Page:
Pole began analyzing how the average woman’s buying habits shifted as she approached her due date. His algorithm was so effective that he could actually predict when an individual woman was due to give birth.
The pregnancy-prediction model continued working well until one day when an angry man walked into a Target outside Minneapolis and demanded to see the manager. He was holding coupons that had been sent to his daughter, and he was angry, according to a 2012 New York Times article by Charles Duhigg.
“My daughter got this in the mail!” he said. “She’s still in high school, and you’re sending her coupons for baby clothes and cribs? Are you trying to encourage her to get pregnant?” The manager apologized and then called the man a few days later to apologize again. On the phone, the father sounded uncomfortable. “I had a talk with my daughter. It turns out there’s been some activities in my house I haven’t been completely aware of. She’s due in August. I owe you an apology.”
Such valuable information allows retailers to know exactly what their targeted audience needs and wants before they know it themselves. These predictions can continue for years beginning with maternity clothes, followed by diapers, baby food and clothes, then toys and school equipment. And it all comes from data.
Although analyzing data is a great way to understand and predict your market, it’s not all about numbers. Real people are behind the data.
It’s also important to remember that working with data is a reactive process. You’re analyzing things that already happened, and some decisions need to be made up front.
That’s where the concept of personas can help. They put a human face on otherwise abstract data and represent groups of end users who may use your product in similar ways. Personas are fictional characters based on research, previously collected data and interviews with real people. Typically, their segmentation is based on goals, attitudes and behaviors. Personas become realistic when you provide them with names, photos and demographic details. They work because they bring teams together, create a shared vision of the target audience and encourage everyone involved to think about the actual users.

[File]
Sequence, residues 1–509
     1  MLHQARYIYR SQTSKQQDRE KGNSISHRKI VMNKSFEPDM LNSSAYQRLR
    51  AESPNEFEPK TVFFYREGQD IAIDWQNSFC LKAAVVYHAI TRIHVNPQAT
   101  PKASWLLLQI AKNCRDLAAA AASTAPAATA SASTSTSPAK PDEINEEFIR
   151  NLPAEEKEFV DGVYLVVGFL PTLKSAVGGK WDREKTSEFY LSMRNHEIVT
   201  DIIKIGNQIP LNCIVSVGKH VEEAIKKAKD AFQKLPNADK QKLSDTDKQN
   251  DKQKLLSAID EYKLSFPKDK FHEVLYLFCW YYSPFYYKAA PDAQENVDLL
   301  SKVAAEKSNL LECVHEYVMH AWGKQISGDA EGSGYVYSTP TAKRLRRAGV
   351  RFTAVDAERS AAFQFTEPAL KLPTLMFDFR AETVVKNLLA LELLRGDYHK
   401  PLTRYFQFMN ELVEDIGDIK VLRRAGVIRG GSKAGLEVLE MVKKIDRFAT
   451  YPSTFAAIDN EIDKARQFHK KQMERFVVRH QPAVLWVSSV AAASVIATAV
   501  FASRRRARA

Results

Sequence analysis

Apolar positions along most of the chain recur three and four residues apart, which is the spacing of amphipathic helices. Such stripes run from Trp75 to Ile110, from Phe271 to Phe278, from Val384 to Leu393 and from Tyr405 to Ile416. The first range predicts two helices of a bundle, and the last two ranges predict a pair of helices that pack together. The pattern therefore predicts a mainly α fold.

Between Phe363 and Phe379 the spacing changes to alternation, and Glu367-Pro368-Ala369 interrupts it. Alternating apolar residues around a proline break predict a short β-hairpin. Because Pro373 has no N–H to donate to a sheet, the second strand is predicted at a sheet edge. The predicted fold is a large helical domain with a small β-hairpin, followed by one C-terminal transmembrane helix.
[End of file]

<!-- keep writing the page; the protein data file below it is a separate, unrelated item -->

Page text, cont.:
Consider the persona of Emma, 39, an accountant who works in London. Emma feels guilty about not spending enough time with her husband, James, and daughter, Lia. She has a busy job and long commute and gave up traditional shopping a while ago. She now buys her groceries online. Emma values her time—“Time is money,” she says—so she wants to shop online as quickly as possible.
Now imagine an e-commerce platform that could learn what she needs on a regular basis and help her complete the shopping process more quickly. She would have more time to spend with her family. Even more efficient would be the ability for her to shop on the train, where she already spends a lot
of time. Imagine an e-commerce platform optimized for her smartphone.
There are plenty of Emmas out there, and there are plenty of other personas as well. Before adding a specific feature request to the product backlog, it’s important to consider how that feature will solve a persona’s particular problem. By focusing on the needs of the personas most likely to use your product, teams can make better product decisions and decide what is truly important.
Data helps you recognize and quantify needs. Personas help you remember the real people behind all the data. Combining the two will help you build great products that solve the problems of real people and get your product well on its way to success.